Allegheny County may need to double-check its numbers before counting its savings on tax-exempt properties.
Several property owners are asking why they were included on a county list of formerly tax-free parcels that have been made taxable once again, arguing they're still a charity -- or that they've been paying taxes all along.
"It was a big shock this morning -- I really couldn't believe it," said Chad Hurka, president of the South Baldwin Volunteer Fire Co, whose $766,100 headquarters could be stripped of its tax-exempt status. "Why didn't they send us that before they published that list? It's slightly embarrassing, especially for a volunteer fire company."
Earlier this year, Allegheny County sent letters to 2,800 charity-owned properties, asking for proof the parcels were still be used for nonprofit purposes. Most owners have provided proof or asked for an extension, but County Executive Rich Fitzgerald announced last week that 20 properties had already thrown in the towel, potentially bringing $8.7 million back onto the tax rolls.
His office later released a list of the "self-reporters," which ranged from a $2.1 million corporate office building in West Deer to a vacant lot in Wilkins.
Some of those owners now say they have no idea what the county is talking about.
Kathy McAllen, manager of the Electric Heights Housing Association, works in a $620,000 building in Turtle Creek. They've paid taxes on the property for as long as she can remember, she says.
Wednesday morning, a tenant pointed out the county list had labeled the property as a former charity.
"I don't know where that came from. Frankly, we never were," she said. "I guess something must have been lost in translation."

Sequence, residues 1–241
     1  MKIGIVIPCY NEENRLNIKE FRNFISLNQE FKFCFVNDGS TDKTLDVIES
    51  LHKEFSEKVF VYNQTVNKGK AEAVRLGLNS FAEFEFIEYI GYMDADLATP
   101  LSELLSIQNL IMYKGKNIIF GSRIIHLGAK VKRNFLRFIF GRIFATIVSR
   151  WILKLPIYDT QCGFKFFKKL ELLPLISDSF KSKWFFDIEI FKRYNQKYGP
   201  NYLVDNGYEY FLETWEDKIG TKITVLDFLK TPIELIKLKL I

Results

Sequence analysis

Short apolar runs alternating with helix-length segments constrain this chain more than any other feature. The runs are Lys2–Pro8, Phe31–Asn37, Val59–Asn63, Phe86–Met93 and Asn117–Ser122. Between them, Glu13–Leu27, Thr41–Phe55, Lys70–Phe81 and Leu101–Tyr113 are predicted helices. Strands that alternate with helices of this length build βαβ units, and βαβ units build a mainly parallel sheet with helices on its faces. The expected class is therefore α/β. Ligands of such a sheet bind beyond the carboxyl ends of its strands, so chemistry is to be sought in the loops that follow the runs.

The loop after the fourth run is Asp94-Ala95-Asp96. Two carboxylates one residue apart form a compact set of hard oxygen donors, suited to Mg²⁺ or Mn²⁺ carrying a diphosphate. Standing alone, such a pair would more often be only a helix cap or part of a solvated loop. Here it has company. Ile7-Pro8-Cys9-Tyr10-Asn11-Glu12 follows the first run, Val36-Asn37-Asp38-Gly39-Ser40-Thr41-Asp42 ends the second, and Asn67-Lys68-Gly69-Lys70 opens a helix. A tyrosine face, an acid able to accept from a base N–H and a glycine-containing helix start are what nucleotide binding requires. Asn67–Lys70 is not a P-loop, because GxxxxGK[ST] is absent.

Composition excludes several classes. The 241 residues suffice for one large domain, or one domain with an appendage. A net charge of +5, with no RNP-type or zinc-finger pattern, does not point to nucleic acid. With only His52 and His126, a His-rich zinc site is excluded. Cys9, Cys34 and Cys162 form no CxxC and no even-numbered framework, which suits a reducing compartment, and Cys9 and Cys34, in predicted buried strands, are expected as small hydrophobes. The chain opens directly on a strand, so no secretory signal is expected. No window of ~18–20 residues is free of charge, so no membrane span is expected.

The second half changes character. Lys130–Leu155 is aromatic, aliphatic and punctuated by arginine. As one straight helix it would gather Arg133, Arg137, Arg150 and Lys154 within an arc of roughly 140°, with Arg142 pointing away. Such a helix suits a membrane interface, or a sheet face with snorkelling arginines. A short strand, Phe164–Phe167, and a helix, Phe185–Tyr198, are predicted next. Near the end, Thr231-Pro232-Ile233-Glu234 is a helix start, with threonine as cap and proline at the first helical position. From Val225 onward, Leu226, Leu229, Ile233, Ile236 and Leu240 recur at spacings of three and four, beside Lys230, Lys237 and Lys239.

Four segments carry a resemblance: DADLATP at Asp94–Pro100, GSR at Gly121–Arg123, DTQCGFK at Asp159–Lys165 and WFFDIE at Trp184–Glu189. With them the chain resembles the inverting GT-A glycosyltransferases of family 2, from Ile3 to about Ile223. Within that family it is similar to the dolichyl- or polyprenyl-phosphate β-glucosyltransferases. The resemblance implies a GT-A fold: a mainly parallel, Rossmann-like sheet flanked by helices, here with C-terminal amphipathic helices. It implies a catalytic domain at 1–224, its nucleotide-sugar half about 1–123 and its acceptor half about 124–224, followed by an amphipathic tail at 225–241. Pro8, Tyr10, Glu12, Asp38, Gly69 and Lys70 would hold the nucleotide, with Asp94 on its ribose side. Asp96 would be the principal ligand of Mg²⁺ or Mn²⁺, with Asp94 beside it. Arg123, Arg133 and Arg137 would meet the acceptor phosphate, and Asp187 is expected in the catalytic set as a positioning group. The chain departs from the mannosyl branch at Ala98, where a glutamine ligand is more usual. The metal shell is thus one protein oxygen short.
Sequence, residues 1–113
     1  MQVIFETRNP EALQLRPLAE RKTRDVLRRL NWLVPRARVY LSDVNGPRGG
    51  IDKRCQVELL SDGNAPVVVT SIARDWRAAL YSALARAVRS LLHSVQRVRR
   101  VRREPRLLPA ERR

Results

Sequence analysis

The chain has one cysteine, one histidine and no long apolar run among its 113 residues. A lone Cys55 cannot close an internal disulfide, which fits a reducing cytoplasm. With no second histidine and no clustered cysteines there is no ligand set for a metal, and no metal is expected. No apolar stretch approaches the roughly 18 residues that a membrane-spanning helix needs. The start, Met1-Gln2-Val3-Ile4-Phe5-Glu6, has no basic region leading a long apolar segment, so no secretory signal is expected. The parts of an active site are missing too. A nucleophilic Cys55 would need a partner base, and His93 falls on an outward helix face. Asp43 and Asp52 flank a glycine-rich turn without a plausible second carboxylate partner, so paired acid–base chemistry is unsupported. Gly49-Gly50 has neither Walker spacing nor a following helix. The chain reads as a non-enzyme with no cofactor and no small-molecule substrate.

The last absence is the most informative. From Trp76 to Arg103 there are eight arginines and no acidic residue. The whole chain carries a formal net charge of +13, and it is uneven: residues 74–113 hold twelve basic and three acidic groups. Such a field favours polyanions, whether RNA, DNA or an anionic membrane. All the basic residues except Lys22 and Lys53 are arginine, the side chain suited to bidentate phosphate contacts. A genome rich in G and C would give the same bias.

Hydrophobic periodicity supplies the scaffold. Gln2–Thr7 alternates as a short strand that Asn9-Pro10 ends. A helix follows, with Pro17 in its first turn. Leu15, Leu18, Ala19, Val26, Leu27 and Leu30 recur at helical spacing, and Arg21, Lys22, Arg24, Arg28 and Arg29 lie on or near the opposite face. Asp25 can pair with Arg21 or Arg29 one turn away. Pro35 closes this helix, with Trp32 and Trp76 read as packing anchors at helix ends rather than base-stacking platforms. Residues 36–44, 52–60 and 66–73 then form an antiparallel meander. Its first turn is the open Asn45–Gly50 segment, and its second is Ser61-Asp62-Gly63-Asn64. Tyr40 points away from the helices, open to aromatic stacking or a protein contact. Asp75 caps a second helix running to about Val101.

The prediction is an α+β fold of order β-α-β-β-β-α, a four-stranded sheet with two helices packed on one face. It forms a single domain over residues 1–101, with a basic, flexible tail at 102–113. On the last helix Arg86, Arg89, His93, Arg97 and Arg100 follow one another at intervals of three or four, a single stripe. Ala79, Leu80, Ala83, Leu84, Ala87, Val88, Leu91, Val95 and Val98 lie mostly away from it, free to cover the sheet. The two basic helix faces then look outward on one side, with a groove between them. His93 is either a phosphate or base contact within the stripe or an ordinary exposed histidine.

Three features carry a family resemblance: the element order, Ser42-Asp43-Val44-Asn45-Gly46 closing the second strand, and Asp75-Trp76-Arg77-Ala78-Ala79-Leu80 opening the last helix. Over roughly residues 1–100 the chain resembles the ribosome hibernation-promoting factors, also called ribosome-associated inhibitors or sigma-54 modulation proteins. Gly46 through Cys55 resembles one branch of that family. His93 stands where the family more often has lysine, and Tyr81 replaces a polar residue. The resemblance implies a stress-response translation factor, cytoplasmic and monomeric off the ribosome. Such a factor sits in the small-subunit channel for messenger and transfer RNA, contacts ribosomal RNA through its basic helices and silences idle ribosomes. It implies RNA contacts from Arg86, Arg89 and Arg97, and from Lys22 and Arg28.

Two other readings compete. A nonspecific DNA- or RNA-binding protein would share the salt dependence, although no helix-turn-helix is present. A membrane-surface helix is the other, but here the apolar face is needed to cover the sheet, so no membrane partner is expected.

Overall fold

Her story was echoed by a third organization that is still trying to track down the parcel of land the county is talking about.
Amie Downs, spokeswoman for Mr. Fitzgerald, said the county's list only included a property if its owner clearly marked it in the survey as not being used for tax-exempt purposes. She's not quite sure what the confusion is -- the organizations filled out these forms themselves.
Still, each initial determination will be followed up with an in-person visit, she said.
"This is the middle of the process," she said. "This is nowhere near the announcement of the ending of the process."
Mr. Hurka, the fire department president, just hopes he has a chance to set things right. He says he sent in documentation showing the fire station was still tax-exempt, including its social hall, which can be rented.
Baldwin Borough has two other fire companies, he said. Why was his on the list?
"We've been nonprofit since we started," he said. "I don't know why the county is going after us."
Andrew McGill: email@example.com or 412-263-1497.